“90% imported. 90% imported.” As I drove around visiting Greenwell Farms, Hamakua Mushrooms, Volcano Winery; as I had conversations with folks at hotels and looked a restaurant menus, I still found it crazy that 90% of produce to Hawaii is imported. It is crazy!
Coming from California where produce – fresh and local – is in abundance, I just can’t fathom how lush and fertile Hawaii, where things grow and flourish, could be so upside down on this.
I still haven’t quite figured out how Hawaii got into that situation, but I know who is helping to get it out, and she is a dynamo.
Meet Lani Weigert.
She is the lovely lady on the left, doesn’t that smile draw you in? She is electric, energizing and passionate about one thing: agritourism.
She created the concept in Hawaii, beginning with the Ali’i Kula Lavender farm which used as a model for how to do it right. [A place I would visit a few days later.] She founded HATA, the Hawaii AgriTourism Association, to help the entire ecosystem as a way to “support the culture, values and resources that local people treasure.” She goes all over the country and the world teaching farmers how to do exactly that.
Agritourism is not just great for tourists (or foodies) looking for something unique to do, it is an economic lifeline, one that allows farmers with multi-generational family farms to get a leg up and support their local community. And for that reason, I am a huge fan.
I met Lani at Hamakua Mushrooms. Like many Type-A women, flying around the world, running an organization, creating tours, supporting agricultural reform, making appearances and doing Ted talks isn’t enough on her plate, she is also the Marketing & Community Relations Director at Hamakua! Lani gave me my private tour and cooked up some tasty shrooms to devour (which of course I did).
If there is something happening on the island around supporting local food production or gaining visibility for farmers or educating anyone and everyone about the benefits of agritourism, Lani is involved.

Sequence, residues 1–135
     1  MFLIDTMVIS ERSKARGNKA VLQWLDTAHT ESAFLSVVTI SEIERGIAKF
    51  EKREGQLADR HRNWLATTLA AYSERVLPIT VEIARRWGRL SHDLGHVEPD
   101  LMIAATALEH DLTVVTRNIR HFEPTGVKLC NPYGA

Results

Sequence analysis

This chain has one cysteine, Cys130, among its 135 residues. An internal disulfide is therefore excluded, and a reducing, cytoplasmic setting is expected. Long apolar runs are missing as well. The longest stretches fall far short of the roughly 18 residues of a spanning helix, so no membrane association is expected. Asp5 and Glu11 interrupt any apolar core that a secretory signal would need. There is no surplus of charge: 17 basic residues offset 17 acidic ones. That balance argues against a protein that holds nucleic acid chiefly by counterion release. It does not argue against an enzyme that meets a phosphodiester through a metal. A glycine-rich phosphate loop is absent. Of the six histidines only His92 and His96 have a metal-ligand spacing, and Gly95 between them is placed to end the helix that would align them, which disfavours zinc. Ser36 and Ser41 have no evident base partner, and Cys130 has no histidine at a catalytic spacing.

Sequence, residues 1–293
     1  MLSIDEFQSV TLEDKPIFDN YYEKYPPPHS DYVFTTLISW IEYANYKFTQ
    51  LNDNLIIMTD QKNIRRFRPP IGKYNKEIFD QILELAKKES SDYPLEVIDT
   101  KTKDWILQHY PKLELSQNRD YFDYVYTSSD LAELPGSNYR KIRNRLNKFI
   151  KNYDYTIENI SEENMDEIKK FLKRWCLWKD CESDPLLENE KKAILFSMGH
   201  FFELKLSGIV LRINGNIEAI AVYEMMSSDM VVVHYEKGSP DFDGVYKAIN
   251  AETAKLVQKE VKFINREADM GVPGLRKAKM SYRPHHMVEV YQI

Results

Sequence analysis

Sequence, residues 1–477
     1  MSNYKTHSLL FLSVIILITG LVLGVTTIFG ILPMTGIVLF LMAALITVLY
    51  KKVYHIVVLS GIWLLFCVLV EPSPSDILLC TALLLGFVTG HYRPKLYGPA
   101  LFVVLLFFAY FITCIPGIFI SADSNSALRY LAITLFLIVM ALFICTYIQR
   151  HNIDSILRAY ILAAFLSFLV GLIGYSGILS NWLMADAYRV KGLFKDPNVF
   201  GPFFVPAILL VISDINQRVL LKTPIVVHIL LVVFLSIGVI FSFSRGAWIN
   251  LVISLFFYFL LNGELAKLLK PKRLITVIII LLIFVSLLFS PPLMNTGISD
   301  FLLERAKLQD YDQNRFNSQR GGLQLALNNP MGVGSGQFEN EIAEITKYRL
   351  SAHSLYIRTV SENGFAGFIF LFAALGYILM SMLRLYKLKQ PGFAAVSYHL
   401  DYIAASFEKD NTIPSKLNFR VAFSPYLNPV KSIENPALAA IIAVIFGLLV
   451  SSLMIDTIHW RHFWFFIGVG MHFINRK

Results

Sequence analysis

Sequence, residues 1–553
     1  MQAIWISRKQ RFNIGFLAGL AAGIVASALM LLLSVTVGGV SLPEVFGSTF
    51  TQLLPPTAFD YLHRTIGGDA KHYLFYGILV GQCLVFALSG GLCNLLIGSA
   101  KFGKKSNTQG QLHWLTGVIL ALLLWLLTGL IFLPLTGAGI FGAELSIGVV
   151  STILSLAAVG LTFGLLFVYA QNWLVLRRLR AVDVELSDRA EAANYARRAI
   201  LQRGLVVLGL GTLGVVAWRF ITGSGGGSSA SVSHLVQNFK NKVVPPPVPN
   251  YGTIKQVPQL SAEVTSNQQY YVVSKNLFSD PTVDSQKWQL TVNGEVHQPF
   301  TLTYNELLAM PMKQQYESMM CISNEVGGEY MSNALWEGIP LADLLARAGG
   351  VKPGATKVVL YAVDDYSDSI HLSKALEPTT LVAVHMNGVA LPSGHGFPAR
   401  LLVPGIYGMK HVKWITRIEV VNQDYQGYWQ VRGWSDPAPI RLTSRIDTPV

Amazingly there is enough farm land on the Big Island to feed all the Hawaiian Islands and then some. Maybe that doesn’t mean there will never be importing, but I envision a reduction being a good thing, more money in Hawaiian farmers pockets.
Time and time again, whether it was Tom at Greenwell, Bob at Hamakua, Del at Volcano or Ala’amoe at OK Farms (who you will read about real soon) all the farmers where gracious, humble and most of all hard-working.
Farmers are truly special people and my week in the Hawaiian islands reminded me of their importance to my life. Living in California I am extremely lucky to have the access to farm fresh foods, it is not something I took for granted, but I definitely forgot that it is not as easy in other parts of the country.
Hawaii is a paradise. Yes, there are gorgeous beaches and amazing waters, volcanoes to climb and waterfalls to see. Luaus to attend and pokes to eat, but next time you visit, consider also checking out and supporting a local farmer. Whether it is onsite or at a farmer’s market, purchasing food and or food-related products will help farmers and the farm ecosystem no matter which island you visit.
How about you? Have you been to a farm in Hawaii?
My visit to Hawaii was courtesy of the Hawaii Visitors and Convention Bureau. But as always, all opinions are my own.
You can also view more of my trip to the Big Island in my Big Island of Hawaii for Foodies Wanderlist on AFAR. I am also playing around with TagBoard, you can see all my Instagram photos together in one spot on my #MWAinHawaii board.